After serving Douglas County for 17 years as a prosecutor, District Attorney Brian Fortner announced Tuesday he’s decided to run for state court judge next year.
Fortner told the Sentinel he will run for the seat that has been held by State Court Judge W. O’Neal Dettmering Jr. since 2001. That’s the year the state court, which oversees misdemeanor offenses, was established in Douglas County.
Dettmering has been rumored to be retiring rather than seeking another term in 2018, but the Sentinel was unable to confirm that fact Tuesday.
Fortner said he respects Dettmering and made the decision because he’s ready for the next step in his career.
“I’ve just come to that point in my career where I’ve been prosecuting over 17 years and I’m ready to make a transition to the next step,” Fortner said. “I think I can bring that experience and everything that I’ve learned to the bench. It’s just a transitionary step. I don’t know if it’s a promotion or demotion — different people I guess would see it different ways. It’s just a different way to serve this community that I think more fits where I am inside.
“And when God puts something on your heart and you feel it, you have to make a decision that you’re going to follow it and I feel this is what’s best for me and my family and frankly for this community because I think I can do a good job as a judge and give them somebody they can believe in.”
Fortner is an Atlanta native and graduate of the Georgia State University College of Law.
He started out as an assistant district attorney in Douglas County in 2001 and served in that capacity until 2007 when he was appointed by then-Gov. Sonny Perdue to be Douglas County Solicitor General, the position charged with prosecuting cases in state court.
Fortner moved back to the DA’s Office in April of 2012 as chief assistant district attorney. In May of 2014, he was appointed acting district attorney by Gov. Nathan Deal when the county’s former longtime DA resigned.
Fortner ran as a Republican in 2014 and won the four-year term he will complete next year, narrowly defeating Democrat Dalia Racine. Fortner received 19,005 votes in the race (50.63 percent) to Racine’s 18,530 votes (49.37 percent).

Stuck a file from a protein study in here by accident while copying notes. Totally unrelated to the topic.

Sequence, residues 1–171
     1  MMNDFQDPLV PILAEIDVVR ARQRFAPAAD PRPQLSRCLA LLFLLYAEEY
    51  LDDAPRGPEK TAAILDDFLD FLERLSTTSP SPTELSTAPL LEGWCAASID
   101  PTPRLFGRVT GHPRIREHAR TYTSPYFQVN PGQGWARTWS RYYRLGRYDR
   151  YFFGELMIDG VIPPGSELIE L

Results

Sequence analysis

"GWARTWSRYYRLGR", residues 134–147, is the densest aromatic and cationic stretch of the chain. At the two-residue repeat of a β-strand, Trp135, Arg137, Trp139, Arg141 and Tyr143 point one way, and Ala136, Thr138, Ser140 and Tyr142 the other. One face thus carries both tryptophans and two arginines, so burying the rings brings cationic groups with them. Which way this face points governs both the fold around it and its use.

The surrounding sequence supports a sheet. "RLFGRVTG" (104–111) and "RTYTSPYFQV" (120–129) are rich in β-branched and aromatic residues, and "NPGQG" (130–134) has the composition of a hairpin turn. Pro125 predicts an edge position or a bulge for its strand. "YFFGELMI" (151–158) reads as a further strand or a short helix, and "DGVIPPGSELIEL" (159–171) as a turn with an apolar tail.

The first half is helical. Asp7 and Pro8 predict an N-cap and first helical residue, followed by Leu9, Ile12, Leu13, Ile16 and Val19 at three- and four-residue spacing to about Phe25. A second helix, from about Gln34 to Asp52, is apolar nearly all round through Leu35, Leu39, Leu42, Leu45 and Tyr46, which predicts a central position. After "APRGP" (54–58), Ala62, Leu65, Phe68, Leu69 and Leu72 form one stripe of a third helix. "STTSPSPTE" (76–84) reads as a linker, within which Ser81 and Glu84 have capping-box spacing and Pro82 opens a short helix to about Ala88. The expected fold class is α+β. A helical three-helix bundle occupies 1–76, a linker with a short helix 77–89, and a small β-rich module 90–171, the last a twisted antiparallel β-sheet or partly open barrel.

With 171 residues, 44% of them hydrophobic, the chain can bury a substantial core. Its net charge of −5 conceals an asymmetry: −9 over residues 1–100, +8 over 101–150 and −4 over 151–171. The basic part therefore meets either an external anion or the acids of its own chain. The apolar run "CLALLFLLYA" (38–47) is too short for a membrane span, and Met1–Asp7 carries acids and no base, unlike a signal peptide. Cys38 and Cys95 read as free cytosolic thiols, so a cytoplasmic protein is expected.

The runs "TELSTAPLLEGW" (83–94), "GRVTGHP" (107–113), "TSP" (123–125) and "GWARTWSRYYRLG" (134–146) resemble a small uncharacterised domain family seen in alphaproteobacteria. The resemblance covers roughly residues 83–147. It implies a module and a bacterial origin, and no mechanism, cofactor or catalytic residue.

Racine, a Douglasville resident who works as an assistant district attorney in DeKalb County, and Deah Warren, a ADA under Fortner in Douglas County, are both rumored to be running as Democrats for the DA post that will be open with Fortner running for state court judge. Neither Racine nor Warren have filed the initial paperwork with the state to declare officially they are running. However, it’s early, with qualifying and primaries still months away.
While the DA’s race is partisan, the state court judgeship Fortner seeks is nonpartisan, which he said was among the things about running for the position that appealed to him.
“That is important to me because you know if you’ve followed me I’ve built a coalition across party lines across Republican and Democrat supporters,” Fortner said. “This takes the partisan politics out of it and it’s rightfully so. I personally think the DA’s office should be a nonpartisan position because literally the only partisan thing you do is write a partisan check for qualifying.”
Fortner has been a big proponent of criminal justice reform that has widespread support from Deal and others.
Accountability courts are one of the areas that Fortner said excite him most about being a state court judge. State court judges oversee both the DUI court and misdemeanor drug court in Douglas County and work with the superior court judges on the mental health court.
“The accountability courts are honestly one of the most exciting things about criminal justice reform altogether for me,” Fortner said. “And it really has changed the way I view things and given me a great sense of justice, and I'm very excited about taking part in one of those from a judicial standpoint.”
Currently, State Court Judge Eddie Barker oversees the DUI court and Dettmering oversees the misdemeanor drug court. Fortner said if he wins the state court judgeship he is seeking, Barker would become the senior judge and would determine which judge oversees which accountability court.